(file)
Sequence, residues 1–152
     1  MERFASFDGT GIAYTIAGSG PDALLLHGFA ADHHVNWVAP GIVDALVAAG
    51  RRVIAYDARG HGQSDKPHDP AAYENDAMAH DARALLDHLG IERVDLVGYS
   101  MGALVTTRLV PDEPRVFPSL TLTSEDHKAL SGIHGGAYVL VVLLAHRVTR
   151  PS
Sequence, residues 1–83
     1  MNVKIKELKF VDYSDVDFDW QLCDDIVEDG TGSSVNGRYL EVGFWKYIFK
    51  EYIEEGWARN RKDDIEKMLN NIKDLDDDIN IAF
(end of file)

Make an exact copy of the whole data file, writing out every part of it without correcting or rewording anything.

Sequence, residues 1–152
     1  MERFASFDGT GIAYTIAGSG PDALLLHGFA ADHHVNWVAP GIVDALVAAG
    51  RRVIAYDARG HGQSDKPHDP AAYENDAMAH DARALLDHLG IERVDLVGYS
   101  MGALVTTRLV PDEPRVFPSL TLTSEDHKAL SGIHGGAYVL VVLLAHRVTR
   151  PS
Sequence, residues 1–83
     1  MNVKIKELKF VDYSDVDFDW QLCDDIVEDG TGSSVNGRYL EVGFWKYIFK
    51  EYIEEGWARN RKDDIEKMLN NIKDLDDDIN IAF